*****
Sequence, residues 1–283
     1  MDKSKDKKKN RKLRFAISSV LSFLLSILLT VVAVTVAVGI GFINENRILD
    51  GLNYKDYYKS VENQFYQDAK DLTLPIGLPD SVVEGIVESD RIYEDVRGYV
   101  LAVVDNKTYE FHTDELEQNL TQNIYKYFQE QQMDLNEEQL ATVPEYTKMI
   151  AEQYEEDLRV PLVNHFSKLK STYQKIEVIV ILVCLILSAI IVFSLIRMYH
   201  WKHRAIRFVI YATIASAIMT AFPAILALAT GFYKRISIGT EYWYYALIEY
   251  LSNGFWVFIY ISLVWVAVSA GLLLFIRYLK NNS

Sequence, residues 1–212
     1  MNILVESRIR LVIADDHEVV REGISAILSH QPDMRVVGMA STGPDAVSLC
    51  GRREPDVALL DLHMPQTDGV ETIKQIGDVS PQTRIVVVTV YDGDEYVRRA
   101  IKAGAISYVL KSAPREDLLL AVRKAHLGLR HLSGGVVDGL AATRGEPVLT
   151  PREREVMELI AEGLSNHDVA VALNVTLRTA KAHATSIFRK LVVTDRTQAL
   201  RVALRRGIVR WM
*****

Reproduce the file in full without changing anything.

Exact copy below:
Sequence, residues 1–283
     1  MDKSKDKKKN RKLRFAISSV LSFLLSILLT VVAVTVAVGI GFINENRILD
    51  GLNYKDYYKS VENQFYQDAK DLTLPIGLPD SVVEGIVESD RIYEDVRGYV
   101  LAVVDNKTYE FHTDELEQNL TQNIYKYFQE QQMDLNEEQL ATVPEYTKMI
   151  AEQYEEDLRV PLVNHFSKLK STYQKIEVIV ILVCLILSAI IVFSLIRMYH
   201  WKHRAIRFVI YATIASAIMT AFPAILALAT GFYKRISIGT EYWYYALIEY
   251  LSNGFWVFIY ISLVWVAVSA GLLLFIRYLK NNS

Sequence, residues 1–212
     1  MNILVESRIR LVIADDHEVV REGISAILSH QPDMRVVGMA STGPDAVSLC
    51  GRREPDVALL DLHMPQTDGV ETIKQIGDVS PQTRIVVVTV YDGDEYVRRA
   101  IKAGAISYVL KSAPREDLLL AVRKAHLGLR HLSGGVVDGL AATRGEPVLT
   151  PREREVMELI AEGLSNHDVA VALNVTLRTA KAHATSIFRK LVVTDRTQAL
   201  RVALRRGIVR WM